Ageism or discrimination against older people is similar to Jeunism, which is discrimination against older people in favor of younger ones, particularly in the political arena or workplace. Often age discrimination is hard to prove, though. The Equal Employment Opportunity Commission (EEOC) continues to see the number of age discrimination charges increase, though 2008 was one of the highest due to the U.S. Financial Crisis. The number of claims remain high. The Federal government defines older workers at being greater than 40 years-old. However; in spite of age discrimination laws, this type of discrimination is very hard to prove.
You think this happens to other people, but not to you, that you are not old enough. Think again! A recent report by the American Association of Retired Persons (AARP) states that for workers between the ages of 45 – 74 years-old, two-thirds of workers say they have experienced or observed age discrimination in their workplace and that such behavior is common. This has resulted in 4 out of 5 Americans over 50 years-old saying they will have to work longer delaying their plan to retire. The report further states that most Americans age 50 years or older want Congress to pass stronger laws to prevent such discrimination.
Other studies show that only 3% of workers who have experienced age discrimination filed a formal report or complaint with a federal or state agency. But this number is difficult to quantify because of under-reporting. Even so, EEOC reports show that age discrimination claims tripled between 1992 and 2017, from 6% to 21%. Often age discrimination is tied to other types of discrimination or harassment. Older workers are also often at the top of the company salary budgets or seen as being a higher cost liability to company healthcare plans or retirement funds, especially if they are vested. To decrease visibility and potential discrimination suits, the elimination of employees with larger salaries are often done on a smaller scale, but can also be on a larger scale, leaving just enough older employees or occurring over a number of annual budget cycles. It is more recently being seen as a trend under “restructuring” of a company.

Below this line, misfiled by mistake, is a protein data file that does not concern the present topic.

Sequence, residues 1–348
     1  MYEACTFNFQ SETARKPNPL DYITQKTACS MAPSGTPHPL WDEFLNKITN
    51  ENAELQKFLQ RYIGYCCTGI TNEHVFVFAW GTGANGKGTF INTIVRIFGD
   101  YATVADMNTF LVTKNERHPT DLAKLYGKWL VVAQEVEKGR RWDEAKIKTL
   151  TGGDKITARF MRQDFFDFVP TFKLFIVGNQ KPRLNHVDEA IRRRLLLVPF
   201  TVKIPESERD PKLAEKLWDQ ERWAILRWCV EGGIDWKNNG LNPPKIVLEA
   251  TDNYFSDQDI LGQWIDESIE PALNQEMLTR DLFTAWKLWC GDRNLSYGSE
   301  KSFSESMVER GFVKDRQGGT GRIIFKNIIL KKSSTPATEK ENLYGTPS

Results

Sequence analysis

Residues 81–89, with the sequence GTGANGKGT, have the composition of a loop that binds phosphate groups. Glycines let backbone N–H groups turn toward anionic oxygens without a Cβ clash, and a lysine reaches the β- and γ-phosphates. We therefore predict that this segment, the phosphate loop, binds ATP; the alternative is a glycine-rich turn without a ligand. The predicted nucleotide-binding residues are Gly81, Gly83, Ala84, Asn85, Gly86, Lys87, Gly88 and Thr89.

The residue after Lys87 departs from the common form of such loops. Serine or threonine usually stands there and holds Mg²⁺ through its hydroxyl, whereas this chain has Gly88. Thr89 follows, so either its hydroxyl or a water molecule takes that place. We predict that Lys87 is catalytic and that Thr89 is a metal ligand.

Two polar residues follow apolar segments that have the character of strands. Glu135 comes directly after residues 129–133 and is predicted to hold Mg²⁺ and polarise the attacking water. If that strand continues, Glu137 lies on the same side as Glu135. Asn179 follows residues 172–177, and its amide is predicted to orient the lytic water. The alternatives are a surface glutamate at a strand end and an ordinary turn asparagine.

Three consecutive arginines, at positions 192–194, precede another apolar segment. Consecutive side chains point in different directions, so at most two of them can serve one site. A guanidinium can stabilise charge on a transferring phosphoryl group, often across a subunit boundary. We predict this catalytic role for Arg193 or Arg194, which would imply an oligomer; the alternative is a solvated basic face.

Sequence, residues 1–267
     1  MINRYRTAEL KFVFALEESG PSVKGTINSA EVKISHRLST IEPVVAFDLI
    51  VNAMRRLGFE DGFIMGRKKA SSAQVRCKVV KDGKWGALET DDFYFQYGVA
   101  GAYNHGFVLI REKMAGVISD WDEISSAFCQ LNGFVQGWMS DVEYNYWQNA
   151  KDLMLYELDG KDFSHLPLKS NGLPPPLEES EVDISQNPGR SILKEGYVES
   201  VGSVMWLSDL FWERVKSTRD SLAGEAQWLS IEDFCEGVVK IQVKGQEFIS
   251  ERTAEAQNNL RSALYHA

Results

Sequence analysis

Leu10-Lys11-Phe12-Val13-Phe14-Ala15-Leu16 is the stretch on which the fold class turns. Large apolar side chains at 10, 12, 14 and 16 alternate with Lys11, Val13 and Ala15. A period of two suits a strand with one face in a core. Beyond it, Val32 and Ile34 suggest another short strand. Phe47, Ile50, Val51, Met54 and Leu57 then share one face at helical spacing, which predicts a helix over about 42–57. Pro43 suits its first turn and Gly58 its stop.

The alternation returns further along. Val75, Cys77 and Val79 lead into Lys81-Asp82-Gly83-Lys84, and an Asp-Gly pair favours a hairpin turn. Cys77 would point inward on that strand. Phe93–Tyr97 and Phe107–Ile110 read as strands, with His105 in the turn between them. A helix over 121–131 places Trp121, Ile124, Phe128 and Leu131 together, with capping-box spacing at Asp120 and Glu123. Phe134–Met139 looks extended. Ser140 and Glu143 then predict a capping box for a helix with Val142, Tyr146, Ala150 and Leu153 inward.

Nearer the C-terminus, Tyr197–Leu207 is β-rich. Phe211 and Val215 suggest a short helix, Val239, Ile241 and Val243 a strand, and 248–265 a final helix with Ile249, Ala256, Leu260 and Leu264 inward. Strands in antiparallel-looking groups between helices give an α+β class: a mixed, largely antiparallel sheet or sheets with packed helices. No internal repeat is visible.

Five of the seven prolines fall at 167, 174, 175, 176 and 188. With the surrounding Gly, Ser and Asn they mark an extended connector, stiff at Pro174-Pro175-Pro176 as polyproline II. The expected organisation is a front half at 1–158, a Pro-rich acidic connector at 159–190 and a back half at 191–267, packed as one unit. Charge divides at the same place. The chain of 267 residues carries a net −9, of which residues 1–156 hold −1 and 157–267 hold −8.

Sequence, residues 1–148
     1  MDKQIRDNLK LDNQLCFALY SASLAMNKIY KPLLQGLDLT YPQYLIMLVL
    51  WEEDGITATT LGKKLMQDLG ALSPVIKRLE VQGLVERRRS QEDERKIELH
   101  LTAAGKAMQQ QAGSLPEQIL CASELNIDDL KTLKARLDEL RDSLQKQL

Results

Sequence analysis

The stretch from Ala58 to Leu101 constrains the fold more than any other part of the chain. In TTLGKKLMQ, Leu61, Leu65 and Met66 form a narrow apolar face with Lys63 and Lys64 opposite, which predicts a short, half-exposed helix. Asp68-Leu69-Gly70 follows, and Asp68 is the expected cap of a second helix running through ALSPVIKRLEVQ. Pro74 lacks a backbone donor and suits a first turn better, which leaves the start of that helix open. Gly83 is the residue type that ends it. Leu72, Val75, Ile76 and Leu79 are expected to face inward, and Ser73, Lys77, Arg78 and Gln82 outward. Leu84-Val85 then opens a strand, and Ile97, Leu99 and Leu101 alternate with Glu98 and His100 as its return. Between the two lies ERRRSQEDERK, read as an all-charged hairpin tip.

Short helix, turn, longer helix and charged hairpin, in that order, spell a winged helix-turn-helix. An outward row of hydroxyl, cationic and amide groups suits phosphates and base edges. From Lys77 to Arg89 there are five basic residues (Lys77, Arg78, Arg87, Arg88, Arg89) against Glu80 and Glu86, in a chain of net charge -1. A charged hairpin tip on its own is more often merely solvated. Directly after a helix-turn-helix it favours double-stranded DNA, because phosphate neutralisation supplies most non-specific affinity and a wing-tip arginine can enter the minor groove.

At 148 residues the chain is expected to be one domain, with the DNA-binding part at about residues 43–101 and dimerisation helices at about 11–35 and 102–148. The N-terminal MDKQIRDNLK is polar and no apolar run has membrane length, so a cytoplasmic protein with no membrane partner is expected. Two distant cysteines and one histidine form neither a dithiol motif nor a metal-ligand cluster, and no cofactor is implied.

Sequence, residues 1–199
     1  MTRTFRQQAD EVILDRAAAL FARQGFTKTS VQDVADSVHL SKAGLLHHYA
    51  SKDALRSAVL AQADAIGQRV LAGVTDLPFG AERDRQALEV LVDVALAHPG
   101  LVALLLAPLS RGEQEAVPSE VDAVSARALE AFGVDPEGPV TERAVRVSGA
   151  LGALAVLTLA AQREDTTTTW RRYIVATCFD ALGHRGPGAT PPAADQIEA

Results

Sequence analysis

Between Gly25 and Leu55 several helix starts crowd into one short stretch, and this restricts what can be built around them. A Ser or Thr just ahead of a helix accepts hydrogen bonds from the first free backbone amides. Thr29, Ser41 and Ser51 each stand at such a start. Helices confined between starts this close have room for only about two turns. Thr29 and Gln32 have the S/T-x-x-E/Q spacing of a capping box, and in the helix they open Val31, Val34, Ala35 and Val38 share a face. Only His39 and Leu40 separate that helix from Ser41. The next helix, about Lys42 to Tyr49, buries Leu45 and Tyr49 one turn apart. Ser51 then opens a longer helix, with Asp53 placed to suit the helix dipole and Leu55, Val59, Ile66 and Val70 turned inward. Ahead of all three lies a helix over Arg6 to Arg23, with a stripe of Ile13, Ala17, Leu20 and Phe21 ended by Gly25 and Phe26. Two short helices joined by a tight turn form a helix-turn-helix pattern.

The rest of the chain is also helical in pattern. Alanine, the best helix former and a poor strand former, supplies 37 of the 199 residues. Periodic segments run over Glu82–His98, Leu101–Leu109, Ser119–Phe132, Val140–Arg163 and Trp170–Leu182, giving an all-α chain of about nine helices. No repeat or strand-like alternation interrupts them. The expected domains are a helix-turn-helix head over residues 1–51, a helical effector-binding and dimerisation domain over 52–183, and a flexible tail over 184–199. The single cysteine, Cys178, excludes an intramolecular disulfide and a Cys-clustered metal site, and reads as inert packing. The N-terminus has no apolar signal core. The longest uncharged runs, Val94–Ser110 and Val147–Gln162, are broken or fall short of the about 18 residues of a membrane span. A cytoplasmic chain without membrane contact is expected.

There are advocates for keeping older workers with costs of higher salaries and benefit costs being offset by organizational knowledge, loyalty, and years of expertise versus the cost of training new workers. However; this may not be valued by those who are mandated to meet their frequently changing bottom-lines this year or by executive leadership who plan to only stay with a company for a few years as they advance their careers.
There is much that has been written on what to do if you are being eliminated, threatened with being fired, forced to retire, or many other names that cover leaving a position earlier than you had planned. There is a plethora of articles on a problem in our society that does not look to be getting better anytime soon without stronger legislation. Below are some related articles along with behaviors associated with age discrimination.
Baker, Shelley. (2017). How Managers Make Unwanted Employees Go Away. ToughNickel. Baker, Shelley @ flourishanyway. Dec 16, 2017.
Jacobs, Deborah L. (2013). 11 Sneaky Ways Companies Get Rid of Older Workers, Forbes. Nov 2, 2013.
James, Susan Donaldson. (2009). Unemployment: Companies Cut Pricey Older Workers. ABC News, Mar 10, 2009.
Palmer, Kimberly. (2017). 10 Things You Should Know About Age Discrimination. American Association of Retired Persons (AARP) Work & Jobs: Work Life Balance.
Riklan, Michelle (2015). Suspicious Tactics Companies Use to Get Rid of Older Employees. Riklan Resources, Dec 22, 2015.
Swartz, Swidler (2017). Creative Ways Companies Try to Avoid Age Discrimination Claims. Swartz Swidler Law Firms. Jan 13, 2017. swartz-legal.com
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